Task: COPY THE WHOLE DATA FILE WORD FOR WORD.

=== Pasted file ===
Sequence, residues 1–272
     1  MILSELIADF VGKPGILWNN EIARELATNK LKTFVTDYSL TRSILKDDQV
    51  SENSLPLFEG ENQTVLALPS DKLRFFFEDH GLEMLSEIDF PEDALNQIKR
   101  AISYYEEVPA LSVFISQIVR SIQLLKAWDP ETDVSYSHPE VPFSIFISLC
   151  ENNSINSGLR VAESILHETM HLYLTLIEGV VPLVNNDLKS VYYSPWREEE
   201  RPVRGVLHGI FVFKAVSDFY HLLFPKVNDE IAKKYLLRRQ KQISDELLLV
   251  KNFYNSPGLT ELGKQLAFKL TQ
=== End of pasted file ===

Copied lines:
Sequence, residues 1–272
     1  MILSELIADF VGKPGILWNN EIARELATNK LKTFVTDYSL TRSILKDDQV
    51  SENSLPLFEG ENQTVLALPS DKLRFFFEDH GLEMLSEIDF PEDALNQIKR
   101  AISYYEEVPA LSVFISQIVR SIQLLKAWDP ETDVSYSHPE VPFSIFISLC
   151  ENNSINSGLR VAESILHETM HLYLTLIEGV VPLVNNDLKS VYYSPWREEE
   201  RPVRGVLHGI FVFKAVSDFY HLLFPKVNDE IAKKYLLRRQ KQISDELLLV
   251  KNFYNSPGLT ELGKQLAFKL TQ